Tracking coronavirus data and why it's so hard

Published: Jun. 3, 2020 at 6:56 PM EDT
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If you get confused about COVID-19-related data - you're not the only one.

Last week, we spoke with Molly O'Dell of the Roanoke-Allegheny Health District about the numbers, and she pointed out numbers about COVID-19 cases and deaths don't always match the same datasets recorded at the state level.

But the data discrepancy goes further than that and, one expert says, with serious consequences.

“The fact is, I don’t think there’s any question we could have saved lives if we could have acted more responsible, you know, in a way that was more coordinated earlier on," said Philip Bourne, dean of the newly-created School of Data Science at the University of Virginia.

He said this week that despite best intentions from experts worldwide, it's incredibly challenging to get a clear picture of what the coronavirus does.

“What is COVID-related and what’s not is not being collected consistently, so that creates, you know, how can you get accurate comparisons?” he said.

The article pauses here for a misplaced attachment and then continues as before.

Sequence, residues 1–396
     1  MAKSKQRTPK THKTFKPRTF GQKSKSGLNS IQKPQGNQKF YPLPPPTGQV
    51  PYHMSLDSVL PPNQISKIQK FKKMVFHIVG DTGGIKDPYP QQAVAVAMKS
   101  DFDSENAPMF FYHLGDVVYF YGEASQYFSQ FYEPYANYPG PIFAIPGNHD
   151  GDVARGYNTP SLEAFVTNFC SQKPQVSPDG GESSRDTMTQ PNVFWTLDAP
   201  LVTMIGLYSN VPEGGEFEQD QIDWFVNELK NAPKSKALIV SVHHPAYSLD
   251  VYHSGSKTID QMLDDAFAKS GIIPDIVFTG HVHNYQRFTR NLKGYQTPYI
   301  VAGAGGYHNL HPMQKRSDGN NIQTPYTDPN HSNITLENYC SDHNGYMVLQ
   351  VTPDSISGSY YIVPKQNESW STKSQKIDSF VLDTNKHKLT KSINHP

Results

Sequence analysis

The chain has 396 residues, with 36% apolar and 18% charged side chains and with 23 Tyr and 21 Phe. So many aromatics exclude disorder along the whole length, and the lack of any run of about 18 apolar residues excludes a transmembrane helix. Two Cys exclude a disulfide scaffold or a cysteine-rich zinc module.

He says it's not only challenging to get the data, but also to make it timely, accessible and helpful.

“And then even how we visualize data, you can give people false impressions by how we visualize," he said.

The privatized nature of health care in the US, he added, complicates this.

“I mean, right now it’s just a patchwork quilt of trying to put this stuff together as opposed to having something that’s more uniform.”

Bourne said he's heard others suggest, and supports, the idea of taking a note from the National Hurricane Center and developing a group dedicated to tracking viruses and making recommendations for action.

He encourages people to look to authoritative sources like the CDC, and is encouraged about what we can and will do for better data, noting that enrollment at the School of Data Science is rising.

“They’re basically saying this is a golden era for data science," he said of the Data Science school's Board of Directors. "You know, when we get past this or as we get past it, how we think about everything is going to change and be more data driven.”

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